Michigan and National Genetic Policy & Law
There are many state laws and policies that have been established about the collection and use of genetic information. These laws help to foster appropriate use of genetics technology and protect Michigan citizens. This page provides links to state laws and recommendations as well as national organizations and agencies involved in setting or analyzing policy.
Michigan Public Health Code (Act 368 of 1978) requires the Michigan Department of Health and Human Services to establish a chronic disease prevention and control program that includes genetic disease.
Birth Defects Act 236 of 1988 amended the Public Health Code to:
- Establish a Birth Defects Registry and require reporting of diagnosed birth defects and biochemical or genetic disease.
Criminal Investigations Act 30 of 2000 amended the DNA Profiling Act (Act 250 of 1990) to:
- Regulate the collection, retention, disposal, and disclosure of DNA samples and identification profiles used in criminal investigations.
Employment Discrimination Act 32 of 2000 (S.B. 815) amended the Persons with Disabilities Civil Rights Act (Act 220 of 1976) to:
- Prevent employers from failing or refusing to hire, recruit, or promote an individual because of a disability or genetic information.
- Prohibit employers from requiring genetic testing and related information to be used as a condition of employment. Genetic terms used in Act 220
Act 26 of 2000 amended the Nonprofit Health Care Corporation Reform (Act 350 of 1980) to:
- Prevent health corporations from requiring members or applicants to undergo genetic testing or disclose genetic test results or information before issuing, renewing or continuing insurance.
Act 27 of 2000 amended the Insurance Code (Act 218 of 1956) to:
- Prevent hospital, medical, or surgical policies from requiring applicants to undergo genetic testing. It does not stop an insurer from asking questions about a person's family history.
Act 108 of 1998 amended the Public Health Code to:
- Prohibit human cloning.
Act 29 of 2000 (S.B. 593) amended the Public Health Code to:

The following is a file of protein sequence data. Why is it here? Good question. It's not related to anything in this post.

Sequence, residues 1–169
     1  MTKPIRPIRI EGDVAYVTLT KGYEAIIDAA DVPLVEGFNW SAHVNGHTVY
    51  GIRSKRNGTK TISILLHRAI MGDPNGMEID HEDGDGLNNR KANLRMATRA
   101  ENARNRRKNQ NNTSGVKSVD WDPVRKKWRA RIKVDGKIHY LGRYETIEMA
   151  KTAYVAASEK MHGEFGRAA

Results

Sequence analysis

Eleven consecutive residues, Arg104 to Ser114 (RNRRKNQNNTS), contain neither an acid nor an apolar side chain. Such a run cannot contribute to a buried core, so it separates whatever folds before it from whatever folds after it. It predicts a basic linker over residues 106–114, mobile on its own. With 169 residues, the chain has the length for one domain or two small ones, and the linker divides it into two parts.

- Require a health care provider to obtain written informed consent from a person before pre-symptomatic or predictive genetic testing is done. Informed Consent Brochure (PDF)
Act 691 of 2002 amended the Public Health Code to:
- Expand the number of treatable but otherwise disabling conditions for which newborn screening tests are performed.
- Designate authority for determination of testing timeframes, conditions and reporting to the state public health agency.
- Require a good faith effort to report positive test results to an infant's parents or guardians.
- Allow a fee to be charged for testing and adjusted annually based on the Detroit consumer price index.
- Develop a schedule for retention and disposal of blood specimens after tests are completed, and regulate the conditions surrounding disposal.
- Allow the blood specimens to be used for medical research during the retention period.
- Require the health department to produce an information pamphlet.
- Allow the health professional or birthing facility to offer to draw an additional blood specimen from the infant for future identification purposes.
- Create the newborn screening quality assurance advisory committee.
- Details on reporting hearing testing results
Act 31 of 2000 amended the Paternity Act (Act 205 of 1956) to:
- Regulate the use of DNA identification profiling in paternity determinations.
- Regulate the use of information obtained from genetic paternity testing and retention/destruction of genetic testing material.
Advises the U.S. Secretary of Health and Human Services on the most appropriate application of universal newborn screening tests, technologies, policies, guidelines and standards for effectively reducing morbidity and mortality in newborns and children having, or at risk for, heritable disorders.
Passed by the U.S. Senate (S. 1053) by a vote of 95-0 on October 14, 2008. This is the first time the Senate has passed a bipartisan genetic nondiscrimination bill. It would prevent health insurers and employers from using genetic information to determine eligibility, set premiums, or hire and fire people.
Established to be an independent and objective source of credible information on genetic technologies and genetic policies for the public, media, and policy makers.
Information on medical privacy and national standards to protect the privacy of personal health information. Includes consumer fact sheets and educational materials on the HIPAA Privacy Rule.
The U.S. Department of Energy (DOE) and the National Institutes of Health (NIH) have devoted 3% to 5% of their annual Human Genome Project (HGP) budgets toward studying the ethical, legal, and social issues (ELSI) surrounding availability of genetic information. This represents the world's largest bioethics program, which has become a model for ELSI programs around the world Human Genome Project Information.
Other Useful Links:
National Human Genome Research Institute
Policy and Ethics in Genetics Research